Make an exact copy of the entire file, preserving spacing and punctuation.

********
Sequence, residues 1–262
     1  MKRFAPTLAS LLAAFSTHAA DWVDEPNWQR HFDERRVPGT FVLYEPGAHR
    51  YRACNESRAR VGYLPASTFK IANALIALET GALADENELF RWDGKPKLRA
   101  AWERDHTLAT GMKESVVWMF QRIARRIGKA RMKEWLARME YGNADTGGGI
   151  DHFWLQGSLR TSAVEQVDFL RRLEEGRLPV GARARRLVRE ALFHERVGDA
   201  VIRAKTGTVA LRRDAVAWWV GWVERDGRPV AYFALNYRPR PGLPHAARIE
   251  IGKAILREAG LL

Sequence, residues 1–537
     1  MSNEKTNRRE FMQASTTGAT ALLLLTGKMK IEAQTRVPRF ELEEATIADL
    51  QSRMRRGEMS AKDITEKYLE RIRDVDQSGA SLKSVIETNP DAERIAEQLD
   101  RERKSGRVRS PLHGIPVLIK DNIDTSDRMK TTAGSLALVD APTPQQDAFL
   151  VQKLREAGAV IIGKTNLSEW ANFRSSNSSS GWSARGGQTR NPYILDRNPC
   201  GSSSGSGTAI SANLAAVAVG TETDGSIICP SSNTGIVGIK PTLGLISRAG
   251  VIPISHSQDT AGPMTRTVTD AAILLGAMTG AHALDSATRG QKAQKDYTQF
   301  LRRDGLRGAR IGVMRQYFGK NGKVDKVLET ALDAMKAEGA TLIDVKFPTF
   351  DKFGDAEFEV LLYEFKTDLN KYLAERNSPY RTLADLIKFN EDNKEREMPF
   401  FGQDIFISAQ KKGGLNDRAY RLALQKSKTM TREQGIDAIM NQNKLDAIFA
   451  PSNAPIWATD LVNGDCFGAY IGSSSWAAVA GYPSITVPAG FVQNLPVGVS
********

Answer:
Sequence, residues 1–262
     1  MKRFAPTLAS LLAAFSTHAA DWVDEPNWQR HFDERRVPGT FVLYEPGAHR
    51  YRACNESRAR VGYLPASTFK IANALIALET GALADENELF RWDGKPKLRA
   101  AWERDHTLAT GMKESVVWMF QRIARRIGKA RMKEWLARME YGNADTGGGI
   151  DHFWLQGSLR TSAVEQVDFL RRLEEGRLPV GARARRLVRE ALFHERVGDA
   201  VIRAKTGTVA LRRDAVAWWV GWVERDGRPV AYFALNYRPR PGLPHAARIE
   251  IGKAILREAG LL

Sequence, residues 1–537
     1  MSNEKTNRRE FMQASTTGAT ALLLLTGKMK IEAQTRVPRF ELEEATIADL
    51  QSRMRRGEMS AKDITEKYLE RIRDVDQSGA SLKSVIETNP DAERIAEQLD
   101  RERKSGRVRS PLHGIPVLIK DNIDTSDRMK TTAGSLALVD APTPQQDAFL
   151  VQKLREAGAV IIGKTNLSEW ANFRSSNSSS GWSARGGQTR NPYILDRNPC
   201  GSSSGSGTAI SANLAAVAVG TETDGSIICP SSNTGIVGIK PTLGLISRAG
   251  VIPISHSQDT AGPMTRTVTD AAILLGAMTG AHALDSATRG QKAQKDYTQF
   301  LRRDGLRGAR IGVMRQYFGK NGKVDKVLET ALDAMKAEGA TLIDVKFPTF
   351  DKFGDAEFEV LLYEFKTDLN KYLAERNSPY RTLADLIKFN EDNKEREMPF
   401  FGQDIFISAQ KKGGLNDRAY RLALQKSKTM TREQGIDAIM NQNKLDAIFA
   451  PSNAPIWATD LVNGDCFGAY IGSSSWAAVA GYPSITVPAG FVQNLPVGVS